Effect of antenatal multiple micronutrient supplementation on anthropometry and blood pressure in mid-childhood in Nepal: Follow-up of a double-blind randomised controlled trial

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Abstract

Background: In 2002-04, we did a randomised controlled trial in southern Nepal, and reported that children born to mothers taking multiple micronutrient supplements during pregnancy had a mean birthweight 77g greater than children born to mothers taking iron and folic acid supplements. Children born to mothers in the study group were a mean 204g heavier at 2·5 years of age and their systolic blood pressure was a mean 2·5mm Hg lower than children born to mothers in the control group. We aimed to follow up the same children to mid-childhood age 8·5 years to investigate whether these differences would be sustained. Methods: For this follow-up study, we identified children from the original trial and measured anthropometry, body composition with bioelectrical impedance with population-specific isotope calibration, blood pressure, and renal dimensions by ultrasound. We documented socioeconomic status, household food security, and air pollution. Main outcomes of the follow-up at 8 years were Z scores for weight-for-age, height-for-age, and body-mass index BMI-forage according to WHO Child Growth Standards for children aged 5-19 years, and blood pressure. This study is registered with the International Standard Randomised Controlled Trial register, number ISRCTN88625934. Findings: Between Sept 21, 2011, and Dec 7, 2012, we assessed 841 children 422 in the control group and 419 in the intervention group. Unadjusted differences intervention minus control in Z scores were 0·05 for weight-for-age 95% CI -0·09 to 0·19, 0·02 in height-for-age -0·10 to 0·15, and 0·04 in BMI-for-age -0·09 to 0·18. We recorded no difference in blood pressure. Adjusted differences were similar for all outcomes. Interpretation: We recorded no differences in phenotype between children born to mothers who received antenatal multiple micronutrient or iron and folate supplements at age 8·5 years. Our findings did not extend to physiological differences or potential longer-term effects. Funding: The Wellcome Trust.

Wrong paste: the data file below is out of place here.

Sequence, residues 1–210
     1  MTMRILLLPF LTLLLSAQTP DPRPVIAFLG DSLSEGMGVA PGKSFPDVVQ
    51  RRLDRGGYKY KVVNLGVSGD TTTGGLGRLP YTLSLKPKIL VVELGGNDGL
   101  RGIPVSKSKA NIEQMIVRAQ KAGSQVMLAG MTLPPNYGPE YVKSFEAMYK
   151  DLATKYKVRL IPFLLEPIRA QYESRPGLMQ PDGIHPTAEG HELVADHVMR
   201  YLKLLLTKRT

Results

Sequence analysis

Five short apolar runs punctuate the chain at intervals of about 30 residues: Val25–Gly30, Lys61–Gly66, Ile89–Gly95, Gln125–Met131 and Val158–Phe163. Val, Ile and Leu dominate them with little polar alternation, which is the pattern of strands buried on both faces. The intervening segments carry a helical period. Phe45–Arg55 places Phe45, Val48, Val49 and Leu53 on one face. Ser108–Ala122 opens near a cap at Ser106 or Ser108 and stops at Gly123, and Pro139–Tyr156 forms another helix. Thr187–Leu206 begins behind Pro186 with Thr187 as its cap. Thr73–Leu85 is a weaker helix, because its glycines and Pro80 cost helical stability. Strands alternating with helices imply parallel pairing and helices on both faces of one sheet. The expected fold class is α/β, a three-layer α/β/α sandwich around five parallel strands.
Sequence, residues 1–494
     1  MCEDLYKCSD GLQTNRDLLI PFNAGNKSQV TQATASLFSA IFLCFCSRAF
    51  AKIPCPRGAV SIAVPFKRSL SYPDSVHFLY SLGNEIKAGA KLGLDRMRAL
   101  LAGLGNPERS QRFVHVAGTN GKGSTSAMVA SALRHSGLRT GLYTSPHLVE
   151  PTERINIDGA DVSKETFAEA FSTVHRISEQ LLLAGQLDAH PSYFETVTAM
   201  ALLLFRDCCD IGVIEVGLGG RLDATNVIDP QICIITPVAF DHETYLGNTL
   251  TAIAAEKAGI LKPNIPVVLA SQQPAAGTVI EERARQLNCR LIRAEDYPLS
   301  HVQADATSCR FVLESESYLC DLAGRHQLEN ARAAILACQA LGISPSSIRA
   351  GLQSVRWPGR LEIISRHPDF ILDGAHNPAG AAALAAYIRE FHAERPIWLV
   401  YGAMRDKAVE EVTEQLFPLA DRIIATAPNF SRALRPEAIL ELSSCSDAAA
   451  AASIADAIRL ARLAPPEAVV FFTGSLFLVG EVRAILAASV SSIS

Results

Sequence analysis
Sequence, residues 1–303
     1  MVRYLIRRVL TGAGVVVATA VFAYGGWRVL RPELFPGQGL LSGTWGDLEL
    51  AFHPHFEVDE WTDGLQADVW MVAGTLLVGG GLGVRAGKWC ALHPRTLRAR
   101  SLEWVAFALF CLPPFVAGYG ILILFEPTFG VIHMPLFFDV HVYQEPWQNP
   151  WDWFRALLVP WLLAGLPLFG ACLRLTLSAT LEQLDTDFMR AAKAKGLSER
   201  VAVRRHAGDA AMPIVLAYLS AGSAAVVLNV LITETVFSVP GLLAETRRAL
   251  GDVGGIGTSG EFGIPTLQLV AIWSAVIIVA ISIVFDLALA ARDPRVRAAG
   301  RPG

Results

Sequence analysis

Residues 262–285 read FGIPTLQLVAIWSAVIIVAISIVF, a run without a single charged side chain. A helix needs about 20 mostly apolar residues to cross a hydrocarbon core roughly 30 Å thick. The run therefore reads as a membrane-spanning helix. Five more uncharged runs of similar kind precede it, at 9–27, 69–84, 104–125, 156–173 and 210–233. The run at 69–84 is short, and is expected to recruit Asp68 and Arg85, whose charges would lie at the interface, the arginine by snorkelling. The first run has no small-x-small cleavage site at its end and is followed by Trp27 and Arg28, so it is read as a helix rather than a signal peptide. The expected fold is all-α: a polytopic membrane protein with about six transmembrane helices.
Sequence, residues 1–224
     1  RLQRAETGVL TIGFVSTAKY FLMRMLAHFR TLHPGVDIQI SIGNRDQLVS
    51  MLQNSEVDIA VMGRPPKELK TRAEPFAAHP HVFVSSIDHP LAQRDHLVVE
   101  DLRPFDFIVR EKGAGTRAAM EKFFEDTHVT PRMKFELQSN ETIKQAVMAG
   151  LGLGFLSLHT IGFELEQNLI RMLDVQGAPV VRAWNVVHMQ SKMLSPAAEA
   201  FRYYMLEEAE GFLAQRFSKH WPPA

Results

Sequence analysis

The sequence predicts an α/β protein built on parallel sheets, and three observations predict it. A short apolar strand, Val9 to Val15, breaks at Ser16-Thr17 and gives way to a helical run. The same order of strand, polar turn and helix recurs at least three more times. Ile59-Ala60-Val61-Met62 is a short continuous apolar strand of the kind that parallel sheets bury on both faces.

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Devakumar, D., Chaube, S. S., Wells, J. C. K., Saville, N. M., Ayres, J. G., Manandhar, D. S., … Osrin, D. (2014). Effect of antenatal multiple micronutrient supplementation on anthropometry and blood pressure in mid-childhood in Nepal: Follow-up of a double-blind randomised controlled trial. The Lancet Global Health, 2(11), e654–e663. https://doi.org/10.1016/S2214-109X(14)70314-6

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